I have been trying to convert a physical Windows 2000 server running on SCSI RAID to run inside a virtual machine. Given my interest in digital evidence, I was interested in achieving the conversion (which is popuarly referred to as Physical To Virtual or P2V conversion) from first principles.
A while ago I came across the Windows Dynamic Disk partitioning scheme (also called Dynamic Disk or LDM). It’s support under linux is slowly gaining momentum, but still remains a bugbear for manipulating disks. So just to complicate things, I decided to convert the physical host’s drive to using Dynamic Disks.
My proposed methodology was as follows:
1. Use a live CD (helix) to acquire the source drive to a external SATA drive. This included recording the partition and disk geometry using the sfdisk program, recording the LDM partition information using the ldminfo tool from the Linux NTFS project, and imaging the drive using dcfldd.
2. Load the image onto the Linux host running VMWare Server.
3. Generate a VMWare Virtual Disk file which works with the image.
4. Create and configure a VM using the new virtual disk.
5. Fixup the drivers inside the VM using the Ultimate P2V method.
In practise this didn’t work as planned. What I was presented with was the following:
A blank screen with a non flashing cursor on boot.
Looking into the problem in more detail it appeared that the boot problem was due to a difference in disk geometry between the SMART2 RAID controller present in the the physical host and VMWare’s emulated SCSI hard drives. As it turns out VMWARE will only emulate a disk with 63 sectors per track, and 255 heads (the number of cylinders from this perspective is irrelevant). My RAID controller however presented a disk with 32 sectors per track, and the 255 heads. Fdisk showed me this:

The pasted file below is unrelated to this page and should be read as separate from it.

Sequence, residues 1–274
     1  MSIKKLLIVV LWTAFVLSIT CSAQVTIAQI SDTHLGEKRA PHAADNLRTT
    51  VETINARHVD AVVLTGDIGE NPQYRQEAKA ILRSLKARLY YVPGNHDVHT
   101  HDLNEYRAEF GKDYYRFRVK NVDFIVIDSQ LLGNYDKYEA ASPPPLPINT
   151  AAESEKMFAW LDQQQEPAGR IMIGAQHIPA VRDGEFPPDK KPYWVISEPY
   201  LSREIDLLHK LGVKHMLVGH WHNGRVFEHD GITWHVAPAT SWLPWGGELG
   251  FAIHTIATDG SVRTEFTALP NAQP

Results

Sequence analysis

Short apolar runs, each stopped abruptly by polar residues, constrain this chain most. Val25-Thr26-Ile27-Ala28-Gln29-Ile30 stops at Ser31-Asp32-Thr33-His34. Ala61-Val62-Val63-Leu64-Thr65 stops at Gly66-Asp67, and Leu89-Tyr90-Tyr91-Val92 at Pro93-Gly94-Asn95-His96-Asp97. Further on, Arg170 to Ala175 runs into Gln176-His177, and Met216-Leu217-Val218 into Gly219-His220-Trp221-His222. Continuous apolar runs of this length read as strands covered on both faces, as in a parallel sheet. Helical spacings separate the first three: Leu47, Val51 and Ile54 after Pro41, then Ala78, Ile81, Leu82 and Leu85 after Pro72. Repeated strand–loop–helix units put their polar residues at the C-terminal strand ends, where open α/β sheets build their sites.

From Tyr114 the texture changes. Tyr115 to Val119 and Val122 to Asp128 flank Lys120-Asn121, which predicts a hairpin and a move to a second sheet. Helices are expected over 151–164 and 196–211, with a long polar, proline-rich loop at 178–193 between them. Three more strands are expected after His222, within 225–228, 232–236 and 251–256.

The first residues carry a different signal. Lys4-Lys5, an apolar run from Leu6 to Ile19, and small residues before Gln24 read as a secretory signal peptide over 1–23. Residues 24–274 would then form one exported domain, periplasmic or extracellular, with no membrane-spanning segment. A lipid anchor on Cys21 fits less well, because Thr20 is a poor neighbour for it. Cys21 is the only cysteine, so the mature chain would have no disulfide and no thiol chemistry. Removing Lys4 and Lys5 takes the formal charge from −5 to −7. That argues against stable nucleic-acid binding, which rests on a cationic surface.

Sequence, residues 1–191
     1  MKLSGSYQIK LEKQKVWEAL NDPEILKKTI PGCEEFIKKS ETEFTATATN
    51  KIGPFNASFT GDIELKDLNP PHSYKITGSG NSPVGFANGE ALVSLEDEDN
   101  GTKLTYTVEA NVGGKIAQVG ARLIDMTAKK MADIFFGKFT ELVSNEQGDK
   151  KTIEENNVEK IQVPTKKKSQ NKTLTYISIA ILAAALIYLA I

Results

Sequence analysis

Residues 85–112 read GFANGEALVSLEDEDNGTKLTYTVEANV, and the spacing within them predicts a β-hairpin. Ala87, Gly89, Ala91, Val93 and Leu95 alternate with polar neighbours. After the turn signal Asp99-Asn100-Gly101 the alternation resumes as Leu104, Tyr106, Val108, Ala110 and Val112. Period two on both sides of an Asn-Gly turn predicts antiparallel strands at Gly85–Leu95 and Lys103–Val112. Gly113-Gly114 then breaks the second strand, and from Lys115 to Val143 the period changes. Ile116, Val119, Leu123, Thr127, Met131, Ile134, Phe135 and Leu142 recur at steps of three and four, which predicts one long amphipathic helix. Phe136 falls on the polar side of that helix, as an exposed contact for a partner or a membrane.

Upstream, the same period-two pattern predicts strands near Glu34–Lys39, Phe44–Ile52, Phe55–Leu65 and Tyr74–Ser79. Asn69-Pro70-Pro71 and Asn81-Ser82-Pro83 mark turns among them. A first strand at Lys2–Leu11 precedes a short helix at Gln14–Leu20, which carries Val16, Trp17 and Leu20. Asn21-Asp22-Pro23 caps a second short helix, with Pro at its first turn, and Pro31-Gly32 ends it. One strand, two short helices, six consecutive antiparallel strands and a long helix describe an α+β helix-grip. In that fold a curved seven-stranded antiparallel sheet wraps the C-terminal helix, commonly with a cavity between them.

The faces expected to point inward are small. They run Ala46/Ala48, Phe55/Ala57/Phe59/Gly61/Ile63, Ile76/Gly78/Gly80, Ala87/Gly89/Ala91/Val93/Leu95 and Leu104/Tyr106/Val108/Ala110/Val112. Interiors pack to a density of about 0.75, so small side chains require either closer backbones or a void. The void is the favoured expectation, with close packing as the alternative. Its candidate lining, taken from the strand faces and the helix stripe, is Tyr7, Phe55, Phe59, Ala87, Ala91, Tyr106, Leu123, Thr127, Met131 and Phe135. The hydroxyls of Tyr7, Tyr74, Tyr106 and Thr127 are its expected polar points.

Disk /dev/ida/c0d0: 8711 cylinders, 255 heads, 32 sectors/track
Units = sectors of 512 bytes, counting from 0
Device Boot Start End #sectors Id System
/dev/ida/c0d0p1 32 73439 73408 12 Compaq diagnostics
/dev/ida/c0d0p2 * 73440 20555039 20481600 42 SFS
/dev/ida/c0d0p3 20555040 71081759 50526720 42 SFS
/dev/ida/c0d0p4 0 – 0 0 Empty
Running sfdisk inside the virtual machine with this image resulted with a number of warnings about partitions not being aligned on cylinder boundaries.
It appeared that this problem was related to the differences in geometry between the two drives. On boot, the boot code in the MBR of the hard drive is looking inside the image at the wrong point. It appears that the Boot code can only boot partitions that are aligned on cylinder boundaries, ie. the start address of partitions must be fully divisible by heads*sectors. The differences between these means that the boot code is looking in the wrong place inside my image.
[Update: I am not sure about this after researching this some more... it appears that some old versions of DOS required that partitions be cylinder aligned, but the MBR boot code appears like it is independent of cylinder alignment.]